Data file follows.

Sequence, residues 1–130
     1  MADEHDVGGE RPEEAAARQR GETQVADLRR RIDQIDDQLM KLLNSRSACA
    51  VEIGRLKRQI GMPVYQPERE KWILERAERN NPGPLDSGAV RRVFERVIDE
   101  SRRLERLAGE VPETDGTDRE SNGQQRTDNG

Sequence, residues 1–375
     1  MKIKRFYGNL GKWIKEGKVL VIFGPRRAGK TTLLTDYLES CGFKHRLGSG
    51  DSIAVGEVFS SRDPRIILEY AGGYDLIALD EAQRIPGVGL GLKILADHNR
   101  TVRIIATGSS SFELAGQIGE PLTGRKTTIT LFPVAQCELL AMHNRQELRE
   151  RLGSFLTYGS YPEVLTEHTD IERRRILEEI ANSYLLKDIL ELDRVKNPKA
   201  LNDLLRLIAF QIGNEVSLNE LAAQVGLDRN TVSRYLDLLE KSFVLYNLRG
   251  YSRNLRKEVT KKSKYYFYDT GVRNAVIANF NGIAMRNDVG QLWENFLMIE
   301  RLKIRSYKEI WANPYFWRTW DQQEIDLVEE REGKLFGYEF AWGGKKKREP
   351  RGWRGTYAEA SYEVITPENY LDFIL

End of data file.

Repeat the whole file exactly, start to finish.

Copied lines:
Sequence, residues 1–130
     1  MADEHDVGGE RPEEAAARQR GETQVADLRR RIDQIDDQLM KLLNSRSACA
    51  VEIGRLKRQI GMPVYQPERE KWILERAERN NPGPLDSGAV RRVFERVIDE
   101  SRRLERLAGE VPETDGTDRE SNGQQRTDNG

Sequence, residues 1–375
     1  MKIKRFYGNL GKWIKEGKVL VIFGPRRAGK TTLLTDYLES CGFKHRLGSG
    51  DSIAVGEVFS SRDPRIILEY AGGYDLIALD EAQRIPGVGL GLKILADHNR
   101  TVRIIATGSS SFELAGQIGE PLTGRKTTIT LFPVAQCELL AMHNRQELRE
   151  RLGSFLTYGS YPEVLTEHTD IERRRILEEI ANSYLLKDIL ELDRVKNPKA
   201  LNDLLRLIAF QIGNEVSLNE LAAQVGLDRN TVSRYLDLLE KSFVLYNLRG
   251  YSRNLRKEVT KKSKYYFYDT GVRNAVIANF NGIAMRNDVG QLWENFLMIE
   301  RLKIRSYKEI WANPYFWRTW DQQEIDLVEE REGKLFGYEF AWGGKKKREP
   351  RGWRGTYAEA SYEVITPENY LDFIL